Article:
“Can it be Possible That Someone Has Bipolar But Not Severe enough to take medication?”
The short answer is: Yes, it is possible. However, for the vast majority of people I know with bipolar (myself included), medication is necessary. But the first step for you would be getting an accurate diagnosis. I saw a psychiatrist when I realized I had half the symptoms of bipolar disorder, which I read in books and websites after a friend’s suicide spurred me to research the illness. After seeing a psychiatrist, you should also get a second opinion. Second, follow the treatment that is prescribed for you, which may involve 1) talk therapy or 2) talk therapy and medication. I have met one person who successfully manages bipolar disorder without medication. She took meds for about three years after having a manic episode. After a while, her therapist and psychiatrist believed she didn’t need medication. They tapered her dose over the course of a year. If you ever stop taking medication, you should decrease incrementally under the supervision of professionals. Third, managing bipolar disorder requires talk therapy. Seeing my therapist every month (or bimonthly) keeps me grounded. Research has shown that medication with talk therapy is more effective than medication alone. In addition to seeing a therapist, joining a support group (either in person or online) might help you greatly.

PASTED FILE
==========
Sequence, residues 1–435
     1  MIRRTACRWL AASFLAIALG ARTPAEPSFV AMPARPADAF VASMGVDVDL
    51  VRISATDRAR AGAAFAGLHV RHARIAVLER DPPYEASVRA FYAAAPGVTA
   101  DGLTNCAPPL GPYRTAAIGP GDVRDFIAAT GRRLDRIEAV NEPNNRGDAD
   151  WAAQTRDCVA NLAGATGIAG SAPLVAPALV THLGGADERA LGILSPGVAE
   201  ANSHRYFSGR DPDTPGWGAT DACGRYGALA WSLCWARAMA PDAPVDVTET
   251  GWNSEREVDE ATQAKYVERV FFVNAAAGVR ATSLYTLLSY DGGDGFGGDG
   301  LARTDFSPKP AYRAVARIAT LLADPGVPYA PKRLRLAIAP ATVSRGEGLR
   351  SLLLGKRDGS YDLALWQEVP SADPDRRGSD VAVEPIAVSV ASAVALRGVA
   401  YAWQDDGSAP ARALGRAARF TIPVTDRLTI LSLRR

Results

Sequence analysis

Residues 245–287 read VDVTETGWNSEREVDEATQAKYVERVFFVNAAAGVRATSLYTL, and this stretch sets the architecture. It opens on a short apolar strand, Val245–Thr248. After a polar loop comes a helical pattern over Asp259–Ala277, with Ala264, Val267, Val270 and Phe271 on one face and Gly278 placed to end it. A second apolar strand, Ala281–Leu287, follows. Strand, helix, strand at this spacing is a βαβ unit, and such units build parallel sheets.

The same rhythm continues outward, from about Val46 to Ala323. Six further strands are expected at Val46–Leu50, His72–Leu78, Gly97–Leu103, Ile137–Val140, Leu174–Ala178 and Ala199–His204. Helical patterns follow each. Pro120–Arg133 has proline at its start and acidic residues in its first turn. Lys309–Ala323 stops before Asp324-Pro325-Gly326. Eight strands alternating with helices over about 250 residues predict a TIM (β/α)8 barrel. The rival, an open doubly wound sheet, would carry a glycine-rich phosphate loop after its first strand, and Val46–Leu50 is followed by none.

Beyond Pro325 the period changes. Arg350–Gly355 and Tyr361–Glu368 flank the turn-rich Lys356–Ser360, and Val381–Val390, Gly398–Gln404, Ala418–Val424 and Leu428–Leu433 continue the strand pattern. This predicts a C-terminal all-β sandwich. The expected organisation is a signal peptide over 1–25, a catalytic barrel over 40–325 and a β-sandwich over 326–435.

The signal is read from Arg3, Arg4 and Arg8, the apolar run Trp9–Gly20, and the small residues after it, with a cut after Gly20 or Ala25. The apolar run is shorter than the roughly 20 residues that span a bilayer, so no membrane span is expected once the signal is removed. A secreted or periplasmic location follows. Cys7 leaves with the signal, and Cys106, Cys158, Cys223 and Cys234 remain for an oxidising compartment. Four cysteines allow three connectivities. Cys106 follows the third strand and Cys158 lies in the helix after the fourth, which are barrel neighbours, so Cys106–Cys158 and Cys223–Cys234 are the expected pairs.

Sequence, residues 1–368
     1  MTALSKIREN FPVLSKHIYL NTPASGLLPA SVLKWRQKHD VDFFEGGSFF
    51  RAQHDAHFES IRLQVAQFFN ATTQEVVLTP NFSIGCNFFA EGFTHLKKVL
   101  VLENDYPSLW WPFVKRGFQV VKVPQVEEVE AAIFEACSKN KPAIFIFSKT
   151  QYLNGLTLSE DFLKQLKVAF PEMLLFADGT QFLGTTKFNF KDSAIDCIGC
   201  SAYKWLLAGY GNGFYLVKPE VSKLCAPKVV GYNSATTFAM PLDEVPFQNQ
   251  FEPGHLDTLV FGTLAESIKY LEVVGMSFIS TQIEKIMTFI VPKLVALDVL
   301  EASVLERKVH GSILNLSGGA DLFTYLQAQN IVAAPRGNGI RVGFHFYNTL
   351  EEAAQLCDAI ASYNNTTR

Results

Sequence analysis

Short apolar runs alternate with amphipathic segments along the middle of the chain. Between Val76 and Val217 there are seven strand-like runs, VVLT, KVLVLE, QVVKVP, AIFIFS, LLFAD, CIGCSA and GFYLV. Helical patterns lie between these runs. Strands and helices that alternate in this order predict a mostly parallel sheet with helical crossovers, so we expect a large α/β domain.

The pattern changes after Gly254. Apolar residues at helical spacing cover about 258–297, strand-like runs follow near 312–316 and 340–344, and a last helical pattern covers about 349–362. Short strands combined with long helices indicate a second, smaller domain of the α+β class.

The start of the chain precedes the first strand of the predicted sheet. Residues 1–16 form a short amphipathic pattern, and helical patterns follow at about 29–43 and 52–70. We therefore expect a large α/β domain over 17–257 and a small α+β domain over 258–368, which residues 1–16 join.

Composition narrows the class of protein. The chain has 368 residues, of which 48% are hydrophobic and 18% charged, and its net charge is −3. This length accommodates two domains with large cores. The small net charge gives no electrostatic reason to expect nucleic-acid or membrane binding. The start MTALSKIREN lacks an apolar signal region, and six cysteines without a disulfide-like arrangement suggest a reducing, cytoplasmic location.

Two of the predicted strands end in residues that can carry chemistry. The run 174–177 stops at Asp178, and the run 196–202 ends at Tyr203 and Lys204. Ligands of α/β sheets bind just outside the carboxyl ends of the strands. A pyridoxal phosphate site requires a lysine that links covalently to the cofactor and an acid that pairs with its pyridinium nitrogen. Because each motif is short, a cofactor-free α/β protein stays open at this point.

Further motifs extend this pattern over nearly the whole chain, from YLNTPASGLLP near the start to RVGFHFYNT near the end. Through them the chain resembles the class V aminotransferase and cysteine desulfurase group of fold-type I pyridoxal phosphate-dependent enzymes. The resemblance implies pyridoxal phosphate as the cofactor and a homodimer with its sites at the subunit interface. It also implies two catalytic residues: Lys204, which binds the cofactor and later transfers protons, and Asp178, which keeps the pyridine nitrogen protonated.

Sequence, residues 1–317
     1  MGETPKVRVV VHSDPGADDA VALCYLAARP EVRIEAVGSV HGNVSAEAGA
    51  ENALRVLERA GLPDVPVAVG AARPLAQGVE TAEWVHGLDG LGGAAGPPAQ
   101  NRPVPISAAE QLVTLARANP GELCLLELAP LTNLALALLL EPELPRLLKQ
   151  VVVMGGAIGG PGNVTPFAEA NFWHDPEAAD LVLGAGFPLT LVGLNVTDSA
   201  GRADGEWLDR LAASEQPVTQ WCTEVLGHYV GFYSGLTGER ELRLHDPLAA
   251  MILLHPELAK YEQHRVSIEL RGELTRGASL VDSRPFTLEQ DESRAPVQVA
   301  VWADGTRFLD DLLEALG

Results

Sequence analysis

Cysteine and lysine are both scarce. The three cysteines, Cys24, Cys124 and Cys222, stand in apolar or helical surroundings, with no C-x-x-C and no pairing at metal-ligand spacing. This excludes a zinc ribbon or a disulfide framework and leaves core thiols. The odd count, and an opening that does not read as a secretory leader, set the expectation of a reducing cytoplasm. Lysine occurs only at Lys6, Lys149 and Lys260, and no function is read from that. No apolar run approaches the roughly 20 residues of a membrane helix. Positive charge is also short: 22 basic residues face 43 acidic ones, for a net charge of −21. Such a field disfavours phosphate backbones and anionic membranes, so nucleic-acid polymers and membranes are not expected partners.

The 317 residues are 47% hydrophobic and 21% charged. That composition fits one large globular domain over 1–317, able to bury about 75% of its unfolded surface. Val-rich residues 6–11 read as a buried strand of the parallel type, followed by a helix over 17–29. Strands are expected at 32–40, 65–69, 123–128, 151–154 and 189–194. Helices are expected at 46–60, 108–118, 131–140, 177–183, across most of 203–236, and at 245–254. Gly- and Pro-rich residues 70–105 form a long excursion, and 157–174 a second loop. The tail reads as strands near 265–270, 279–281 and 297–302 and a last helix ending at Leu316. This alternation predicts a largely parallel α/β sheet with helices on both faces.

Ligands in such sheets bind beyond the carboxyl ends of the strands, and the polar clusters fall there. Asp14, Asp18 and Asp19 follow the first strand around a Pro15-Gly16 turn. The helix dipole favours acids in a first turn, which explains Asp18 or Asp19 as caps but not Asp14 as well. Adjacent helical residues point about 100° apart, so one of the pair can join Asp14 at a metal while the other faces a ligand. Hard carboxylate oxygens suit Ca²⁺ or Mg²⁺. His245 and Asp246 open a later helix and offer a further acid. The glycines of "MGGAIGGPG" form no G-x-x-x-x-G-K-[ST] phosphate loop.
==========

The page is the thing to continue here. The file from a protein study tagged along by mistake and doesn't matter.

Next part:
As for who to tell, there are a few important things to note: First, I would tell the people in your life gradually starting with close friends and family. Because they didn’t understand, I got a diagnosis and second opinion before telling my parents. Actually, I was nervous and had the psychiatrist tell them. They are supportive today. People can change. Second, understand that we live in an imperfect world so stigma is inevitable. If you should tell someone who makes fun of you or shares this information, I would treat it as a learning experience. One of the first people I told was a cousin who maliciously shared this information with other relatives. I use experiences like that to motivate me further in managing my illness. Third, telling employers or professors is important if you need accommodations to stay healthy and productive. You are entitled to reasonable accommodations under the law just like people with “physical illnesses” (if you do find out you have bipolar disorder).